By Owen Phelps, Ph.D.

Director, Yeshua Institute

I’m old enough to remember being taught that the best decisions were always devoid of emotion.

And I’m young enough to remember thinking that didn’t make any sense at all. (Although I didn’t get all emotional about it.)

The problems with that advice are:

  • It’s impossible to follow and foolish to aspire to. No one can completely separate their head from their heart – their thoughts from their feelings. We have thoughts and feelings – all the time. Granted, some people are much more emotive than others. But displaying your emotions – or not – is not the same as being subject to them – or not.
  • Trying to avoid all emotions can actually degrade the quality of your decisions. It’s true.

2-edged sword

Emotions are actually a 2-edged sword: they can improve the quality of your decisions or they can undermine them.

Consider this: Someone who is working for you consistently underperforms and is constantly offending co-workers and customers alike. You’ve talked to him. You’ve given him behavioral goals to achieve. He not only hasn’t improved, he doesn’t show any interest in improving. You see no other choice but to let him go.

Your head tells you to call him in, give him the news, tell him to gather his things and leave immediately.

An ounce of compassion

But your heart says that he has a wife and child to look after – mouths to feed, rent to pay, a car payment. You decide to give him two weeks severance pay along with his last check. And because things are bound to be tight for him, you have the check cut immediately rather than waiting for the ordinary pay cycle to occur.

In this case your compassion leads to a better decision – certainly better for your staffer, but quite possibly better for your company too. Think about it. If you just push him out the door with no consideration, word will get around.

How is that going to affect staff morale? Who’s going to be worried – and distracted -- about what happens to them if they are let go? Who’s going to start looking elsewhere for a more compassionate employer – or decide to take another job offer that’s on the table?

A little compassion can improve your performance short-term and your company’s performance long-term.

An ounce of anger

Of course, another emotion might make this bad situation worse. You’re angry at this failed employee. You’re mad at him, at his indifference and at your own helplessness to turn around his performance.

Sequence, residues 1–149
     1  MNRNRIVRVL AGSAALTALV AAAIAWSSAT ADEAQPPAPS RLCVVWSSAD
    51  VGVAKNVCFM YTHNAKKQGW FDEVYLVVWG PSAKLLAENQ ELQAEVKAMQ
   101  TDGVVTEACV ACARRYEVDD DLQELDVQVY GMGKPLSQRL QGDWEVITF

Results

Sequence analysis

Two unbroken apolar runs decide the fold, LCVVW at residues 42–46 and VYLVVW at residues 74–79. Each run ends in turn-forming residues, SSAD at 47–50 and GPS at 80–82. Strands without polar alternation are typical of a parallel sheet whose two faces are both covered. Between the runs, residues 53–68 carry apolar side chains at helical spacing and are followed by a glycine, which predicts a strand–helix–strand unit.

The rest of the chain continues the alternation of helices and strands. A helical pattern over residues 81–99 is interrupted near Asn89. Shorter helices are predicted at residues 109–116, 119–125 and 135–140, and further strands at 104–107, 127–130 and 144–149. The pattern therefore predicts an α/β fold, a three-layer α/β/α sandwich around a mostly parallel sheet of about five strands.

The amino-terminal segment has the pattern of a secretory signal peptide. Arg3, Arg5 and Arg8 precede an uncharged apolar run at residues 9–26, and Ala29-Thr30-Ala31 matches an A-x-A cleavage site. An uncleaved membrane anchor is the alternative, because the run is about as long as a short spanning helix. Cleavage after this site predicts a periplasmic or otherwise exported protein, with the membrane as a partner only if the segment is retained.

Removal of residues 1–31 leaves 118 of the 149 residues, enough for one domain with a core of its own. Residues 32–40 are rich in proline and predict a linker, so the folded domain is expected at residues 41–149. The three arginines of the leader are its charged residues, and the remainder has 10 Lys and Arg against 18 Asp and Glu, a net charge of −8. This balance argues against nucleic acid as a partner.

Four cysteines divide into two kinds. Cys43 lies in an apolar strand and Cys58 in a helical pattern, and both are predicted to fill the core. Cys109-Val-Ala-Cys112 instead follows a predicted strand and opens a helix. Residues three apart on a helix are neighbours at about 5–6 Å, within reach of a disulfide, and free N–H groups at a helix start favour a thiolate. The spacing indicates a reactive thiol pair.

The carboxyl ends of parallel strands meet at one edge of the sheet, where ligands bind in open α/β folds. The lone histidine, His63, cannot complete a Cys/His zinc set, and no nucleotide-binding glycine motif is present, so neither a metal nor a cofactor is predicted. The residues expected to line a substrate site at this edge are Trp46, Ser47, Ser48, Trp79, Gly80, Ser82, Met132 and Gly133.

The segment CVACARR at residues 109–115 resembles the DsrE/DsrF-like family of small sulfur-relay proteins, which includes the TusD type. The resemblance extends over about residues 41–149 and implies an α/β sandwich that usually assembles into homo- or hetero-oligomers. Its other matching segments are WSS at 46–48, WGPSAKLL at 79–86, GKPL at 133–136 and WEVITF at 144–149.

You’re angry. And when you call him in, you let him know it. Why not? You’re cutting the cord. You won’t see him again. You yell and you scream.

When it’s clear to him he’s headed out the door, he decides he has nothing to lose and he expresses his anger too. So you get louder … and meaner. You tear him down every way you can think of. You tell him he’s not only shiftless but useless. You tell him to get out. You’ll have his personal stuff in a box to pick up in reception tomorrow. He’ll see a check in 10 days when all the payroll checks are issued.

“Now get the hell out,” you scream, and point to the door. He leaves in a rush, slamming the door behind him as he calls you a profane name.

Maybe you feel some satisfaction. Or maybe you just feel drained.

But what are the others on your staff who heard your exchange thinking? What are the others who didn’t hear – but will get a play by play account second-hand soon enough – going to think? Will they be more loyal? More committed? More eager to step up and contribute?

5 pluses and 5 minuses

Kate Nasser, a life coach, offers five examples of “positive emotions” that can help you make better decisions that best serve the short-term and long-term interests of everyone.

And she offers five examples of “negative emotions” that won’t help you make better decisions at all.

One that may surprise you is the positive emotion of “valuing altruism.” She writes: “Today’s employees and customers expect and value altruism. Caring for the environment and helping the under-privileged are just two examples of emotion that leaders now include in their decisions.”

Hard-headed lesson

If you are one of those hard-headed types who don’t see how acting out of true altruism will do anything but cost you money, consider this little piece of research.

Studies show that employees are more honest when they work for altruistic employers – those that donate to community causes and reach out to help people. Employees of these employers show higher levels of engagement, dedication and effort.

The research confirms that when you’re generous, your generosity comes back to you – often many times over.


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